And Snider is doing his best to break the typical red-blue stereotype. He’s a registered Republican because his values align most with the pro-life and pro-Second Amendment stance of the party. But when out talking to prospective voters, he said that sometimes people who identify as Republican get hung up on the fact that he’s a proud union member.
“Republicans are typically associated with big business,” Snider said. “They forget about the little people who made them the millions of dollars.”
So he’s trying to change that by infusing some youth into the party and to break some of the typical set-in-stone party preconceptions by running for the House.
The 2018 election and the hyperpartisanship in D.C. is what inspired him to run – he’s tired of seeing people staying in Congress for decades but then ignoring important issues such as railroad safety.
“I want to go forth and create a revolution – bring regular people to the House and Senate. Get rid of the incumbents,” Snider said. “It’s about taking action and doing something about it.
“I got tired of the political BS going between the two parties. That’s what really annoyed me.”
Since officially becoming a candidate on the ballot in early October and even before then, Snider has been campaigning on his own terms. He’s found that some of the 14 other Republicans competing for the chance to appear on the November 2020 ballot have been following his lead.
“I’m actually out there hitting the pavement – I was one of the first ones to put the name on the ballot and put out yard signs,” he said. “They’re all copying my campaign. I’ve been hand-delivering yard signs – the campaign seems to be going really well. I ain’t scared to get up at 6 in the morning and drive across the country, so putting a few miles on my truck doesn’t bother me.”
Vance Snider, a member of Local 1313 out of Amarillo, Texas, places a yard sign while campaigning for Congress.
He doesn’t usually put on a suit and tie on his visits — he just goes out as he normally dresses from his Texas upbringing, cowboy hat on his head, and a message that he is going to represent people from all over the district, not just the people in its two major cities of Amarillo and Wichita. It means a lot of mileage on his Ford F-250 (he estimates he’s put 8,000 miles on it criss-crossing the district) and dirtier boots, but it shows his commitment to his beliefs.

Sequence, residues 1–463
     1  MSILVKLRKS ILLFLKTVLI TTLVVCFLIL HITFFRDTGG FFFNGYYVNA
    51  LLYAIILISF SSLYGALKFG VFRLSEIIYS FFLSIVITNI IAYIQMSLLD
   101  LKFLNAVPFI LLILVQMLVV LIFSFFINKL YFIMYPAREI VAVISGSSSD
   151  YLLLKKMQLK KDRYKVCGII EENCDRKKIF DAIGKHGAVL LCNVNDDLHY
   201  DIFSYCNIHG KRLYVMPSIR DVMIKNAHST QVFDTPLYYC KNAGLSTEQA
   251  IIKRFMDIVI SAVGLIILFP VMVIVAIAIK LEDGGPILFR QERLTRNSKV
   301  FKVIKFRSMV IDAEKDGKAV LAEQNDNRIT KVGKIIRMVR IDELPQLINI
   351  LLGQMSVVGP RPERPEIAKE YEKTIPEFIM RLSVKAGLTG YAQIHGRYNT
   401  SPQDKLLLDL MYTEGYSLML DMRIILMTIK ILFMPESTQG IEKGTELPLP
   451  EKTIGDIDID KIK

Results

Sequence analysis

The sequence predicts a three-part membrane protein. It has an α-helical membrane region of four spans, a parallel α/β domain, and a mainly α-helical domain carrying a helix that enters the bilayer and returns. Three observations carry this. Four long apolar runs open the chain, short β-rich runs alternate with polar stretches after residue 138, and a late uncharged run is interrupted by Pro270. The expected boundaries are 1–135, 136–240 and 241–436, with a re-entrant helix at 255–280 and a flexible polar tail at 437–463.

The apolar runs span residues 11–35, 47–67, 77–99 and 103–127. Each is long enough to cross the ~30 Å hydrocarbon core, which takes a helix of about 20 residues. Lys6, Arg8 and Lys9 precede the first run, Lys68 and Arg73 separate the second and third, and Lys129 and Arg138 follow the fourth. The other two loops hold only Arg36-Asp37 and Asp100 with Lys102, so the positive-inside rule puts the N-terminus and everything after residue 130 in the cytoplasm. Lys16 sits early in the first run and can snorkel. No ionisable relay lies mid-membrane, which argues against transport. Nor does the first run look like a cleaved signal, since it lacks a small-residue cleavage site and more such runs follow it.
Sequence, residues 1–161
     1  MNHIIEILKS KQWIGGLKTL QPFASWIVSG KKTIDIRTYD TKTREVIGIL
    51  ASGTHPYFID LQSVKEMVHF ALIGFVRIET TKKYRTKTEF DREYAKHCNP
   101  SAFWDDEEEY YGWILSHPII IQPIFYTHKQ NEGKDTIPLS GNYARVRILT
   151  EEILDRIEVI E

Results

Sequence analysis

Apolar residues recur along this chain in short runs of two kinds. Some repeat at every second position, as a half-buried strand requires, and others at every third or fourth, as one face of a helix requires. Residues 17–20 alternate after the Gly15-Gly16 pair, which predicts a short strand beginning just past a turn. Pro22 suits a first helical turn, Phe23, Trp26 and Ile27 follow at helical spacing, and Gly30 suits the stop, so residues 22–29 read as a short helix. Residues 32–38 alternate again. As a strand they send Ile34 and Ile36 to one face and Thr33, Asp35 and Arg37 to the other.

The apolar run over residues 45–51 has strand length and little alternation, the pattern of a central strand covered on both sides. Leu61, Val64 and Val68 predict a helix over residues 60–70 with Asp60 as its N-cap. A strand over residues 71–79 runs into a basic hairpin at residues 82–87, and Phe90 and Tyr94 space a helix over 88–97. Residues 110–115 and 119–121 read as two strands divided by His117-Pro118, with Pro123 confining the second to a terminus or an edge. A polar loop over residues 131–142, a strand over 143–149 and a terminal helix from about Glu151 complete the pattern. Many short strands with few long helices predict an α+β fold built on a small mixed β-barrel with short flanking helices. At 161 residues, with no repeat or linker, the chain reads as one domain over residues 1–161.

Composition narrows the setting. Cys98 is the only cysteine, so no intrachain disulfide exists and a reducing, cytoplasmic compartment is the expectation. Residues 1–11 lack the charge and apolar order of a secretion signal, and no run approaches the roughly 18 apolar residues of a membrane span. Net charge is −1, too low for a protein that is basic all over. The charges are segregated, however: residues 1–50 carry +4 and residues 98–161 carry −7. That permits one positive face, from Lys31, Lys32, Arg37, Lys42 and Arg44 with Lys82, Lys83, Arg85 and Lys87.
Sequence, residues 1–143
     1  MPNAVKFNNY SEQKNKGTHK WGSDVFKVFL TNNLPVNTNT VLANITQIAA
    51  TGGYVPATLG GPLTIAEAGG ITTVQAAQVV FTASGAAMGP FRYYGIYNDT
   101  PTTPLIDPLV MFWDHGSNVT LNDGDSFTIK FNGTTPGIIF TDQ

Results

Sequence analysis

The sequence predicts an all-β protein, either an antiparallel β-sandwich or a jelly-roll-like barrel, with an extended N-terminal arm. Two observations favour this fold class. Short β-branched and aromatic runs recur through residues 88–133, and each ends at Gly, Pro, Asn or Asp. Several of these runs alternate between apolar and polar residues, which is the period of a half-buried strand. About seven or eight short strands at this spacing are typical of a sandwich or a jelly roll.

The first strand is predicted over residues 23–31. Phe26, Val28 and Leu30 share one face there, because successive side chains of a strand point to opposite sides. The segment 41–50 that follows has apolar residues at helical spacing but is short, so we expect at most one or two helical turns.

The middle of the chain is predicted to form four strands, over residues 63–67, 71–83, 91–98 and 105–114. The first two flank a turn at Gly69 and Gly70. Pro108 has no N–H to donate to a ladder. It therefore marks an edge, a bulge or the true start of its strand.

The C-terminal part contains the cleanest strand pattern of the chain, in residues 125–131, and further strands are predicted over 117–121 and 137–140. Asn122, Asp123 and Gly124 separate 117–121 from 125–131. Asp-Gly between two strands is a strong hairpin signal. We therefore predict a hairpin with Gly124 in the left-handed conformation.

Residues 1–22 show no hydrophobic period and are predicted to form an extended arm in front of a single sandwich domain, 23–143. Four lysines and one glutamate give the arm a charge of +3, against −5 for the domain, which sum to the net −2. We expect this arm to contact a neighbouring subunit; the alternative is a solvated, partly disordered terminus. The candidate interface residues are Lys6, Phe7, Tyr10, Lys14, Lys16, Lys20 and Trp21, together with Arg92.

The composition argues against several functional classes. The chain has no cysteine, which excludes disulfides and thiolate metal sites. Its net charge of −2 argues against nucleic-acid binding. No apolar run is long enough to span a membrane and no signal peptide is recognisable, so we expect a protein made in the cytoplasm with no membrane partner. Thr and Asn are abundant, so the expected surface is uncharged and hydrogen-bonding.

“Politicians need to start working for the people,” he said. “They need to elect a like-minded individual who thinks about the people in the district first, then the rest of the country. I want to start a revolution – show I’m a normal Joe Blow guy like you — and can get out and do something.”
After Thornberry, who’s held the seat in the 13th District for 25 years, announced his retirement, Snider fully committed the run and he’s had 100% support from his wife, Christy, and the rest of his family.
His platform includes a commitment to being pro-life and defending Second Amendment rights. He also counts rail safety as an issue in his campaign, which sets him apart from others in his party and has led to the backing of his campaign by SMART TD PAC and others associated with rail labor.
The number of co-sponsors show that current incumbent Republicans have been slow to come around in supporting the two-person freight crew legislation (H.R. 1748 in the House and S. 1979 in the Senate). Thornberry has not signed on to the Safe Freight Act, and so far only 10 GOP reps have signed on as co-sponsors compared with 124 Democrats.
But Snider sees hope that rail safety and having two on the crew will eventually be recognized as a non-partisan issue that goes beyond red or blue.
“We need to get Republicans aboard,” he said. “I’ve had national support from all over the country – I’ve got donations from Democrats and Republicans. It’s about being working class, a working person – making sure we’re all taken care of.”